frankie banali

REVIEW: Quiet Riot – Cum On Feel the Noize (1989 CBS cassette)

QUIET RIOT – Cum On Feel the Noize (1989 CBS cassette)

From the same line as the previously reviewed Trouble Shooters by Judas Priest, here’s a tape-only Quiet Riot compilation.  Like the Priest tape, Cum On Feel the Noize has nothing older than five years.  For Quiet Riot, that unfortunately means you’re only hearing songs from two albums!  (Nothing from the first two which were only released in Japan.)

The title track (and Slade cover) “Cum On Feel the Noize” goes first, muddy tape hiss and all:  this cassette has seen better days!  It’s an edited version (roughly 3:10), so perhaps something you don’t have in your collection.  The speedy album track “Run For Cover” then delivers the scalding hot metal.  Two more big hit singles follow:  “Mama Weer All Crazee Now (another Slade cover) and “Metal Health” (sometimes subtitled “Bang Your Head” in case you didn’t know the name).  These two hits will keep the party flowing, and that’s it for side one.

Proving they had more than just a passing interest in mental health, “Let’s Go Crazy” kicks off side two with a bang.  Frankie Banali is the man — his drums really sell this one.  “(We Were) Born to Rock” is another solid number, all rock no schlock.  “Slick Black Cadillac” is a shrewd inclusion.  Gotta have a car song for the road.  Then “Party All Night” finishes it off with a pretty clear message.

As a party tape, Cum On Feel the Noize would have done the trick.  You should probably just own Metal Health and Conditional Critical instead, but this is a fun tape and would have been enough Quiet Riot for most folks.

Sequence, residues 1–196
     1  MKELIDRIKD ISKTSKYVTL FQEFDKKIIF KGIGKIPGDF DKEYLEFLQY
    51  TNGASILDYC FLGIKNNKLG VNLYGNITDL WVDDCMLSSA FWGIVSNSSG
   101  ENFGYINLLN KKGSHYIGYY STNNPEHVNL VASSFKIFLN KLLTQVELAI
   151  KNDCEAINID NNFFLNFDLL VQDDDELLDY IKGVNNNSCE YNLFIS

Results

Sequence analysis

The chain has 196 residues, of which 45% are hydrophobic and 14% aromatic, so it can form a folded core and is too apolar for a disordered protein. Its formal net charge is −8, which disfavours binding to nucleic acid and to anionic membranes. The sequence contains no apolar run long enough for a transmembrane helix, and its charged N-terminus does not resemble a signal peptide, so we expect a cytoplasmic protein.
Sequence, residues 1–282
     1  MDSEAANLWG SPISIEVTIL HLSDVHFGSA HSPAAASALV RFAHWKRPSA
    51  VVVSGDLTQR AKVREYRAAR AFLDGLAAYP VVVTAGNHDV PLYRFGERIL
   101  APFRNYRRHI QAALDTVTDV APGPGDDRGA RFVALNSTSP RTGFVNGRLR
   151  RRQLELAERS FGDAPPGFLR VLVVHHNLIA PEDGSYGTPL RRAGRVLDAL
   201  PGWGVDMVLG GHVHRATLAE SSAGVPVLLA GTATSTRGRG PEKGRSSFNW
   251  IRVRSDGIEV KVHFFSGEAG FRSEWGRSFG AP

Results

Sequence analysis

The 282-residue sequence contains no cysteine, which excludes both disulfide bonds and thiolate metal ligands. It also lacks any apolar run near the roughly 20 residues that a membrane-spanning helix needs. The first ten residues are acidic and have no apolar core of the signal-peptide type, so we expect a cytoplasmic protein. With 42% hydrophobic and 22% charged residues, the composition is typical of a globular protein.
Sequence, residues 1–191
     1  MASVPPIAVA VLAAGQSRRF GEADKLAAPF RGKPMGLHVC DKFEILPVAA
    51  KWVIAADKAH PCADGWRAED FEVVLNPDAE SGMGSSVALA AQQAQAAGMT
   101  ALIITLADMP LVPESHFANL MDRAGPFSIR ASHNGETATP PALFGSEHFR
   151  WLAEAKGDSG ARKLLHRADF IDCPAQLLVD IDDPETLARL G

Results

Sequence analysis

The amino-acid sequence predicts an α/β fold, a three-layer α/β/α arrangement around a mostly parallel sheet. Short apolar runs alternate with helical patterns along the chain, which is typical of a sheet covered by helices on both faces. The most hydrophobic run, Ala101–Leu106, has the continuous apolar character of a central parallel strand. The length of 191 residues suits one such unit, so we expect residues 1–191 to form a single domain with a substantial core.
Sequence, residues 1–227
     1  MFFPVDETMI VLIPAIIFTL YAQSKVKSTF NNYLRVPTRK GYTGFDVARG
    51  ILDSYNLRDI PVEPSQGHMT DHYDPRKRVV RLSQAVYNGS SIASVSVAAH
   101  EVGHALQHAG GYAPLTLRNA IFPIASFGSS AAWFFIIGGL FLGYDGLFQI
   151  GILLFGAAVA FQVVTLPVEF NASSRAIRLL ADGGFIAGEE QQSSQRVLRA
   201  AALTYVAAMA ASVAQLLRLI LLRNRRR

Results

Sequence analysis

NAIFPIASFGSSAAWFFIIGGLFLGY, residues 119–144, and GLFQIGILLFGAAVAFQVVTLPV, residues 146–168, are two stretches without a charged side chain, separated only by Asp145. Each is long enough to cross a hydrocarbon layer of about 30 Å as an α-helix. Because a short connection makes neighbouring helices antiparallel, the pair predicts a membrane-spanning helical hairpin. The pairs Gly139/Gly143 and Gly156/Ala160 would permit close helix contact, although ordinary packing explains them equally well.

3/5 stars

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VHS Archives #2: Hear N’ Aid Special – Pepsi Power Hour (1986)

The one VHS tape I’m working on currently spans a period of recordings from about July 1986 to September 1987. This Hear N’ Aid special features a MuchMusic interview conducted by J.D. (John) Roberts. There’s lots of exclusive information in this valuable video, including a tidbit on bands who refused to be in the same project as Spinal Tap!

REVIEW: QUIET RIOT – Live at the US Festival (2012 CD/DVD)

QUIET RIOT – Live at the US Festival (2012 Shout! CD/DVD set)

This was a long awaited release, since the US Festival was way back in 1983!  The Holy Grail would be an official Van Halen release of their legendary performance, but I digress.  There aren’t a lot of really great live Quiet Riot albums out there, with one called Extended Versions being the best package.  Live at the US Festival is brief at just seven songs (plus a 4:38 guitar solo that also includes a sneak preview of a song called “Scream and Shout”).  It does capture Quiet Riot at their peak, at a critical gig, and includes a DVD of the whole thing for the complete package.  (Come on, Van Halen…)